Wednesday night, on the eve of high school graduation, moms and dads filled the gymnasium for a shining gesture. With Herculean effort, we decorated senior tables for our offspring. I know because I was among those parents attempting, in some impossible way to contain love on a 30″ x 30″ plot of space. Talk about pressure!
For weeks I had been staging Aaron’s table at home. With two children graduating nine days apart in two different states, I had to start early to make sure it was good.
In 2008, Nate had a senior table and Aaron deserved for me to put in the same painstaking effort. In my practice sessions, sometimes I’d tape a picture in one place on the cardboard and then move it elsewhere. A few of my table prototypes were created actually in Aaron’s room so he would see them when he came home from school. I’d anticipate the moment when Aaron would enter.
Yes, I said to myself, hopefully he will not collapse upon seeing its beauty.
Truly, I speculated, he will notice how I angled the ukelele JUST so,
put the candle HERE,
the coffee cup THERE
and the tiny bell from Ukraine on THIS spot.
And when Aaron would walk into his room, my ear would keen for the slightest gasp of wonder. If a second passed without a response, I couldn’t stand it any longer. “Aaron, what do you think?” I’d beckon so desperate for his approval. Without exception Aaron showed his gratefulness. Whew. Other times, you know, just in case a friend stopped by and you never know when that just might happen, I would do the whole set-up in the dining room and dare I admit, I’d walk down the stairs several times just to get a glimpse afresh.
As the mama of three OS, for me with no other girl in my household, it was the equivalent of seeing a daughter in a wedding gown or a prom dress. Don’t laugh. I felt joy. The Hubs found other versions of the table in his office or in the hallway. Some family members were even blessed with text messages and pictures from me marking a new table development concept. A few were kind enough to acknowledge receipt of those pictures. Oh thank you if you indulged me! I sewed a swatch of remnant material from his books pants fabric. Aaron approved.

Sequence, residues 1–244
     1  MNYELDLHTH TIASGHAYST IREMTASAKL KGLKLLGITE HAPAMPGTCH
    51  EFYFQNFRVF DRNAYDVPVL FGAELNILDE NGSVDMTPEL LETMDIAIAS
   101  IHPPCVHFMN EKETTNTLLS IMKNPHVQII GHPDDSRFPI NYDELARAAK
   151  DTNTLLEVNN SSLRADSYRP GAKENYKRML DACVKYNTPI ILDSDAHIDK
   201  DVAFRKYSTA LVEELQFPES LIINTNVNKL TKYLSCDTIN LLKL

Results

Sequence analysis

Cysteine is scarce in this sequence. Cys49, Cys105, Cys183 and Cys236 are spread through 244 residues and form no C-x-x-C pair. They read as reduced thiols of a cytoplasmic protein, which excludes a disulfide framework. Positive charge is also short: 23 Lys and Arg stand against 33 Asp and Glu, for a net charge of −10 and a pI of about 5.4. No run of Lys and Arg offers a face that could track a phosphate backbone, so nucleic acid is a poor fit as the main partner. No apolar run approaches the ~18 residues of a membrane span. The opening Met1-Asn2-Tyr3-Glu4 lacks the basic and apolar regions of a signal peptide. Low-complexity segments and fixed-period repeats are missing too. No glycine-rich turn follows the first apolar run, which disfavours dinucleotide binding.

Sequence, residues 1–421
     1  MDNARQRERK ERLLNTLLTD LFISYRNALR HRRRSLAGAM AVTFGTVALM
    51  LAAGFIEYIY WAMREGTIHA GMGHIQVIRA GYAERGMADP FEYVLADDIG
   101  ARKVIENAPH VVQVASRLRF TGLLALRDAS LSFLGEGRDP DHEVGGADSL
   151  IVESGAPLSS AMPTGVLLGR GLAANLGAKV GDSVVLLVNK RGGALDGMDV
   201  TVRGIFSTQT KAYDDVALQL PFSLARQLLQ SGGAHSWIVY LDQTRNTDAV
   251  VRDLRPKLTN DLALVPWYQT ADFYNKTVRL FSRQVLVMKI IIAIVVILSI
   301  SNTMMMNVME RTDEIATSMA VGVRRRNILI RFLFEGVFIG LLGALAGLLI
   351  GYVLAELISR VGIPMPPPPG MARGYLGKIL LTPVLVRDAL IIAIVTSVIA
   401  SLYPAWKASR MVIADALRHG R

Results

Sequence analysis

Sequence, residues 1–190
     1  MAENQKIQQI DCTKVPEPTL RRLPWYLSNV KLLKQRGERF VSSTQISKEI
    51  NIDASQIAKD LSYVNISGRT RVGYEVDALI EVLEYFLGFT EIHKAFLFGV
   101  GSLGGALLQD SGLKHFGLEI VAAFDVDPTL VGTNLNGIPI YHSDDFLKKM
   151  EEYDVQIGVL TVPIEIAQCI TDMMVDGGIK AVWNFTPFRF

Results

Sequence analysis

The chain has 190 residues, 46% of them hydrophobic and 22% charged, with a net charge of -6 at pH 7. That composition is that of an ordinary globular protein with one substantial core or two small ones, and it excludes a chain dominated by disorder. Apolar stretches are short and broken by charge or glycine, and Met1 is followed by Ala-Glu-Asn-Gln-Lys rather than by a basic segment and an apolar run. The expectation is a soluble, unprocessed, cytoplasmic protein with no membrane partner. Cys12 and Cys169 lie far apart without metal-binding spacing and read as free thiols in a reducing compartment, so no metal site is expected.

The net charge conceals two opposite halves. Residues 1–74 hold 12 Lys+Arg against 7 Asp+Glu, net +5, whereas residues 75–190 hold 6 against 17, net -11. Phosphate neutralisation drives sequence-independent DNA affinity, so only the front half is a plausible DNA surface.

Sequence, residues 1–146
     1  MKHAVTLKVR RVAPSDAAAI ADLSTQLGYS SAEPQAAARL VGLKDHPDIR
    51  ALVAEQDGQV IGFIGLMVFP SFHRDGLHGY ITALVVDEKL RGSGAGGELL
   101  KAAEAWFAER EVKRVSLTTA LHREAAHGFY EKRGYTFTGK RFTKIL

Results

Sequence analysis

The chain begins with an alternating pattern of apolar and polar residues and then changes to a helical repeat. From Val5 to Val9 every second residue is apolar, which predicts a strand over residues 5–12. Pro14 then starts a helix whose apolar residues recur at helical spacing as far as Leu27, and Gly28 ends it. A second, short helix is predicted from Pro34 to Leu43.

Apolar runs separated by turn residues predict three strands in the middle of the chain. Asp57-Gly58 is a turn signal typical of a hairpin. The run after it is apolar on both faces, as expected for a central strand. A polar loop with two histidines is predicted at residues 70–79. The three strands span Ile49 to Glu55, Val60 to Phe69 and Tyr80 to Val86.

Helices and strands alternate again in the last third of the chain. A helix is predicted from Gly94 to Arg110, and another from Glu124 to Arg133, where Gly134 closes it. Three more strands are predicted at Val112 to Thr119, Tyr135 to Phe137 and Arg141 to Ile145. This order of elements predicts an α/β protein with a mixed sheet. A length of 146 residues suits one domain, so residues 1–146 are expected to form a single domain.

Then I stitched a coordinating rectangle of some extra fabric a friend had given me. Aaron liked the manly colors. He assisted my efforts by writing in gold a poem from his favorite author William Cowper and I trimmed the sides of the cardboard with pages from an old family Bible.
It wasn’t perfect but the time had come for the official unveiling. Insecure feelings never replaced the warm and wonderful sentiment I felt inside.
But I bet I wasn’t the only one who spent copious amounts of time on the child’s senior table project; based on what I saw, our collective souls were poured onto those hallowed folding tables.
We did not create altars for our children, I guess we just wanted our son or daughter and all who passed by to smile and either say, “Wow, I am loved” or “Awesome, someone thinks very highly of that kid.” If you think this post is stupid, then we probably couldn’t be friends. If you’ve read this far, you understand. Let’s have lunch.
Thursday arrived and tears flowed as we all beamed.
I gazed and cried stopping by many of Aaron’s friend’s tables. I noted with appreciation that none of these tables felt ostentatious as if they were trying to steal attention from someone else.
The body of Christ enveloped the mood. With our individual 7 1/2 square feet carefully crafted, the seniors marked the passage of time. I paused with gratitude over the families represented and prayed for their children’s future.
Have you ever done something like for a loved one? What special things would hallmark your “table”? I’d so enjoy hearing about it. May you all have opportunity for such a celebration of life.
After graduation, Aaron spent a long time reading the messages. What a thankful moment for all of us.
Questions: How do you handle the desire to be perfect with the reality that you’re not? What do you do when you feel competitive with other people and struggle with inadequacy?